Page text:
The Cold War, 1970-1991 Détente



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The Cold War, 1970-1991

Détente


The 1970s saw a relaxation of tension in the Cold War. The USSR was spending 20% of its National Income on defence, and people in the communist bloc were fed up with a low standard of living. Meanwhile, the USA was in a period of ‘stagflation’ (rising prices AND economic recession), and was losing the Vietnam War. In 1969, Nixon announced the ‘Nixon Doctrine’ – that the USA would maintain a nuclear ‘shield’, but western countries would have to pay for their own defence.

In 1972, Nixon visited both Moscow and China in 1972, Brezhnev went to Washington in 1974, and in 1972, Strategic Arms Limitations Talks (SALT1) agreed to limit the number of ICBMs.

There were a number of public relations exercises (in 1975, US astronauts and Soviet cosmonauts docked their spacecraft together) and in 1975, 35 countries, including America and the USSR, signed the Helsinki Agreement – agreeing to increase economic cooperation, and improve human rights.

Soviet involvement in Afghanistan


Détente had its limitations. Human rights did not improve in the Soviet Bloc, and both sides ignored their promises in the SALT1 agreement. Then, in 1979, fearing that Muslim groups were about to take over in Afghanistan, the Soviet government invaded and set up a new government under Babrak Karmal.
The invasion was condemned by the United Nations, but also by China. President Carter of the USA withdrew from the SALT2 negotiations, boycotted the 1980 Olympics being held in Moscow, cut trade with the USSR and armed the rebel Afghan Islamic Mujaheddin guerrilla fighters.
By the 1980s there were 125000 Soviet troops in Afghanistan. They used tanks and helicopter gunships; they attacked villages, because they could not find the guerrilla forces to attack. 1 million Afghans died, 3 million refugees fled to Pakistan.

But the Soviets could not defeat the rebels. They were ambushed, and their helicopters shot down – in 1982, a major attack in the Panjahir Valley was repulsed by guerrillas.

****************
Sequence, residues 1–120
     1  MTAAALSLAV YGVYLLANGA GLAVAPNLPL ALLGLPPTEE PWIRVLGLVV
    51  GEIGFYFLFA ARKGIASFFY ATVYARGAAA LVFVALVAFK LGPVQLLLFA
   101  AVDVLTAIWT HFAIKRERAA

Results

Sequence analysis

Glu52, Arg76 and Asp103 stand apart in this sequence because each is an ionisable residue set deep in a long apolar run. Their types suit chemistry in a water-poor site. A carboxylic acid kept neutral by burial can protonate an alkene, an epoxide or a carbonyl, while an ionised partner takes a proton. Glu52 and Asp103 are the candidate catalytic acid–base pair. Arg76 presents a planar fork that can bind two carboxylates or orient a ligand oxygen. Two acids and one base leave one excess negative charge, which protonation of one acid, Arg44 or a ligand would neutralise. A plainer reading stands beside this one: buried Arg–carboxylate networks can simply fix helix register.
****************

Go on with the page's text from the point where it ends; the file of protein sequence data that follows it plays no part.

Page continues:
The effect in the USSR was devastating. It destroyed the reputation and morale of the Soviet army, and bankrupted the Soviet Union and helped its collapse in 1989.

Reagan and the renewal of the Cold War


Reagan became said president in 1980. He hated Communism, calling the USSR ‘the evil empire’. He thought that détente had made American go soft on the Soviets.

He actively began a new Cold War, doubling US defence spending, deploying Cruise Missiles in Europe, developing the neutron bomb and new MX ‘Peacekeeper’ missiles which were much more accurate than existing ICBMs, and in 1983 startuing work on a ‘star wars’ Strategic Defence Initiative, which planned to destroy Soviet missiles by firing lasers from space.

Reagan sabotaged the planned Strategic Arms Reduction Talks (START2) by 1982, he had terrified the Soviets into believing that he wanted a nuclear war.

Solidarity in Poland


In 1980, the first crack in the Iron Curtain occurred in Poland. Shipyard workers in the port of Gdansk (Danzig) formed the trade union Solidarity. Its leader was Lech Walesa and it demanded, not just economic reforms, but political freedom. Nine million Poles joined the union.

The Polish government, led by General Jaruzelski, imposed martial law, arrested 10,000 political opponents (including Walesa) and banned Solidarity.